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Chilenismos en inglés

Aprende todos los chilenismos en inglés

Dicen que el español es complejo, pero el chileno lo es aún más. ¿Por qué será? Quizás por la gran cantidad de dichos y muletillas que empleamos aquí.

Por esto mismo, si tienes un amigo que habla inglés, traduce nuestros chilenismos.

Aquí te presentamos:



A Pata: On foot

Achuntar: to hit the nail on the head

Al lote: disorderly, without rules

Al tiro: immediately, right now

Apechugar: to confront problems head on and take responsibility

Apitutado: well-connected

Apretar cachete: to get away or escape

Arrugar: to back out of something

Avispado: very agile or intelligent


Bacán: Excellent – used like “cool” in English

Barsa: Fresh, without shame

Buena leche: a decent and honest person with good intentions.

Bronca: anger or disgust


Cabra/o: A teenager or young kid

Cabritas: popcorn

Cachar: Probably originating in the English word “to catch”, means “to get” something. You’ll most often hear it as “cachai”, equivalent to the English “you know”, “get it?” or “do you understand?”.

Carretear: to party

Cahuín: hurtful gossip that starts trouble.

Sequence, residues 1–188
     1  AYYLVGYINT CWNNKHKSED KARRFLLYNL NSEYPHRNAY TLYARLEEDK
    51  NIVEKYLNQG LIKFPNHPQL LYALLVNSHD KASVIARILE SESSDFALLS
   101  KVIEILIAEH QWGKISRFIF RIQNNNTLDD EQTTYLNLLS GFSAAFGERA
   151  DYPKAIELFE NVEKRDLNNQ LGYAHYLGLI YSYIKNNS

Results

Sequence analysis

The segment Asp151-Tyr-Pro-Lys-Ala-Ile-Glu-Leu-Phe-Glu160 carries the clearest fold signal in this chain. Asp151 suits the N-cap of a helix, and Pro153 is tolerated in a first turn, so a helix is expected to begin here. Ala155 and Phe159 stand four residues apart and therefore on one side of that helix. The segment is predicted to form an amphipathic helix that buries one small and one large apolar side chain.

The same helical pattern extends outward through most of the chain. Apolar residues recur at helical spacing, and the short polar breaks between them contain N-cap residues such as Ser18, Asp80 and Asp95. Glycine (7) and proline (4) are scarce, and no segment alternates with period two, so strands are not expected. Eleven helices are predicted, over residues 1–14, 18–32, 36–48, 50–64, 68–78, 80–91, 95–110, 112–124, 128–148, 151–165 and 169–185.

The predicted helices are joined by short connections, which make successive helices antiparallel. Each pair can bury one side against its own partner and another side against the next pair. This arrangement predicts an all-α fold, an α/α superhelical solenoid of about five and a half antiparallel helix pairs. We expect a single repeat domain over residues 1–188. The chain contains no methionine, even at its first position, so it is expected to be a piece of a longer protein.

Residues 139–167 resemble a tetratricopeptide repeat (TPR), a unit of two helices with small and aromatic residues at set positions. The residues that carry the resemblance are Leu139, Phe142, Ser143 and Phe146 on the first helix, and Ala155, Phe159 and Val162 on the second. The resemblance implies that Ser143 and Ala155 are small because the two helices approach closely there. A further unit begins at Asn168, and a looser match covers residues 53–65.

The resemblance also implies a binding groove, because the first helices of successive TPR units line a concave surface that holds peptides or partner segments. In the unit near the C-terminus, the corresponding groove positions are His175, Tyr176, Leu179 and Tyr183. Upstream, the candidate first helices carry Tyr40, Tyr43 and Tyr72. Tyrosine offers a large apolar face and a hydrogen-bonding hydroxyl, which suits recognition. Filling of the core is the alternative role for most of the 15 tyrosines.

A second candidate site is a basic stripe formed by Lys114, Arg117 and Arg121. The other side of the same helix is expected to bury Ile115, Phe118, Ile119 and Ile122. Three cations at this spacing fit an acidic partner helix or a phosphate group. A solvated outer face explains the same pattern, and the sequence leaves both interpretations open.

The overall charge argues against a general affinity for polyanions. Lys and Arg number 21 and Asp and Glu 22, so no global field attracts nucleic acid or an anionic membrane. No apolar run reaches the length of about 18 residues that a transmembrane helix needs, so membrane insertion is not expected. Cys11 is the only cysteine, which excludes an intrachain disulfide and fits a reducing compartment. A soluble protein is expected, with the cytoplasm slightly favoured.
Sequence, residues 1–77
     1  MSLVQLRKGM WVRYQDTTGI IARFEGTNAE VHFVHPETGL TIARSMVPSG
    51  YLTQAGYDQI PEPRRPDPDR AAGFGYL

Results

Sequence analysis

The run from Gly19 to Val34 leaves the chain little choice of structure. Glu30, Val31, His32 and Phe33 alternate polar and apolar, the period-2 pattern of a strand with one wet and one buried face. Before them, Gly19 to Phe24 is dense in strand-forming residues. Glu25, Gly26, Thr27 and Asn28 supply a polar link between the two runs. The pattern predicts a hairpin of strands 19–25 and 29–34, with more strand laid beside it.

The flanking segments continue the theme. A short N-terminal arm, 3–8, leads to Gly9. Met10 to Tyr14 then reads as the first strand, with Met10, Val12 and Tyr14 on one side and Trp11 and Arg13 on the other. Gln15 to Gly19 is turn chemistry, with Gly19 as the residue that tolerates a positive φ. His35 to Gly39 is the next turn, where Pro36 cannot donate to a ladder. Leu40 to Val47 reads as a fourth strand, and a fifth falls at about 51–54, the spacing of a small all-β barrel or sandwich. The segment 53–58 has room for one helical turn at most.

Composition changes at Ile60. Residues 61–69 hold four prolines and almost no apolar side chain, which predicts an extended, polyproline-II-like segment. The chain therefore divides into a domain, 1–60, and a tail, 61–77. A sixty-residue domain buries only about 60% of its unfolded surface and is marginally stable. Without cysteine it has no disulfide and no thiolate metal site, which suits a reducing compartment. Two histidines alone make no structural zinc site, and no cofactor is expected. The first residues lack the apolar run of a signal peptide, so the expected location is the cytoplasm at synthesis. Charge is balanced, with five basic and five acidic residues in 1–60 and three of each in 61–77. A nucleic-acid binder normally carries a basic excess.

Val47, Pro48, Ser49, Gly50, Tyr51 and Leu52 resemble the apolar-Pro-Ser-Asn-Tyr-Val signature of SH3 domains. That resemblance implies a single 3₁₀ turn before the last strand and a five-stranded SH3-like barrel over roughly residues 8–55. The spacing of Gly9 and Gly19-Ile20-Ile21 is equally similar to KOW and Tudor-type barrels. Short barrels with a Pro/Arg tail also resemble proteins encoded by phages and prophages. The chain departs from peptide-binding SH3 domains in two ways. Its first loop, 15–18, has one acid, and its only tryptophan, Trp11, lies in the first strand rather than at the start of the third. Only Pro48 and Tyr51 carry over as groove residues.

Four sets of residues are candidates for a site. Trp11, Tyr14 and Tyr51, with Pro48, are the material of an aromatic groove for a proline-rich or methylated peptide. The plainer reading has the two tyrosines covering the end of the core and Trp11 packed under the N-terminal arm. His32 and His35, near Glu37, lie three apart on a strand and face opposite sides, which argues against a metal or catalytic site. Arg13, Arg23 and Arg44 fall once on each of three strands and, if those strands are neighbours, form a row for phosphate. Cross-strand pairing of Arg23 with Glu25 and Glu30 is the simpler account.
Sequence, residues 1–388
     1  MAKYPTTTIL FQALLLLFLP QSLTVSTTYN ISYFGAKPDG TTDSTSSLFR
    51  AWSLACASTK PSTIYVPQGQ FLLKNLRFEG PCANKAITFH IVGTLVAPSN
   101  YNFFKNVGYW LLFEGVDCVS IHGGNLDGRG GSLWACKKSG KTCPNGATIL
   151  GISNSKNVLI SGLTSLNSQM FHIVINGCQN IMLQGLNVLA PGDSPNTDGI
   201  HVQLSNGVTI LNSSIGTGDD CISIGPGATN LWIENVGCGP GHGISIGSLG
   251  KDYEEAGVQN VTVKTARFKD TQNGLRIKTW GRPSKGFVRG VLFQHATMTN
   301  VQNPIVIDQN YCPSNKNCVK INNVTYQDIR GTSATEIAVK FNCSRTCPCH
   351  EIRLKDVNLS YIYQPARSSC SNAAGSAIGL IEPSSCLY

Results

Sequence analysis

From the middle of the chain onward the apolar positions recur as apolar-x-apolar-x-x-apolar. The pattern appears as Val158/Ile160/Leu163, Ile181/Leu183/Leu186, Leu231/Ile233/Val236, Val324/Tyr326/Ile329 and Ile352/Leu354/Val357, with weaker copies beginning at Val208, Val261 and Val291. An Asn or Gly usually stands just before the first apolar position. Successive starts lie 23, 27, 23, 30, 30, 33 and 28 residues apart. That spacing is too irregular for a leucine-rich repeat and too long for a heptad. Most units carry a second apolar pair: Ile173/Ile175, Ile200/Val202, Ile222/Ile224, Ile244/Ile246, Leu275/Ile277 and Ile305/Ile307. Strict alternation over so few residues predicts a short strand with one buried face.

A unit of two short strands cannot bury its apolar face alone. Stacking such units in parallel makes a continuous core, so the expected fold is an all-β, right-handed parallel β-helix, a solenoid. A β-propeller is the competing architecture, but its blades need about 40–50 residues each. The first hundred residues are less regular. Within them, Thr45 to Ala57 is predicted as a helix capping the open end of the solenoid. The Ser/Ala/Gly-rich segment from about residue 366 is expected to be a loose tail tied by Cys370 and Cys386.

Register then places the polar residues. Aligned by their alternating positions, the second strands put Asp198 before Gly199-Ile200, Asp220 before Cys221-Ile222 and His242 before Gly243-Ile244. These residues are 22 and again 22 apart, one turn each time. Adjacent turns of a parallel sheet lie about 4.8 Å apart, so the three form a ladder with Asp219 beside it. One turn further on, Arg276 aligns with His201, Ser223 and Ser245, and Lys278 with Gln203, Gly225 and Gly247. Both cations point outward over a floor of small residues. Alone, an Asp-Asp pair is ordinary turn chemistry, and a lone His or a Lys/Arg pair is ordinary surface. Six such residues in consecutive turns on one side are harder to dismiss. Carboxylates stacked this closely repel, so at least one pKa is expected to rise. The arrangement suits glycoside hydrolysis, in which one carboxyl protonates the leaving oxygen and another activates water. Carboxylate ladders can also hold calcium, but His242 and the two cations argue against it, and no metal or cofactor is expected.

Caña: Hangover

Chao pescao’: See you later, alligator

Choro: someone who thinks he or she is tough. Also means great or cool

Chorearse: to get mad or angry; to rob or steal

Cuico: yuppy or upper-class, snob.


Dar pelota: to pay attention to someone

Descueve: Excellent

Destartalado: Disorganized, a mess.

Dejar la embarrada: to screw it up


Echar la foca: To scold someone.
Echarse la yegua: To relax after finishing an activity.

Echar una ojeada: to take a look
Empelotado: Mad, annoyed, fed-up.
Empinar (el codo): To drink up (alcohol)
Encachado: A way to refer to something or someone that is really cool.
Engrupir: To flirt with or hit on someone.  Can also mean to lie or deceive.
Enrollado: Very involved or complicated.

Está filete: it’s very cool or awesome.

Estoy curado: I’m drunk, tipsy, wasted.


Fiambre: Stinking or rotten.
Flaite: Someone, something, or someplace trashy. Can be used as a noun or adjective.
Fome: Boring, without any redeeming qualities.
Fonda: A place where independence holidays are celebrated. Also used to denote a party with lots of traditional Chilean music and drinks.


Gallo/a: A young adult.  Similar to using the word “guy.”
Gil: An idiot.
Goma: A person who works hard for very little pay and gets no recognition; in the wider sense, someone who helps.
Gorrear: To cheat on your significant other; to be unfaithful.
Guacho: A child that is not recognized by its father; an orphan.
Guanaco: A police vehicle that uses a water cannon to maintain order.
Guata: A belly or gut.


Hachazo: A rough morning, usually hangover related.
Hallulla: A type of bread.
Hinchar: To annoy someone, to be very persistent.
Huaso: A Chilean from the farm or country; the Chilean version of an Argentine ‘gaucho,’ or American ‘cowboy.’
Hueón: Can refer to a person or a thing, a friend or an enemy. Most closely resembles ‘dude’ or ‘guy’ in English, but is far more versatile.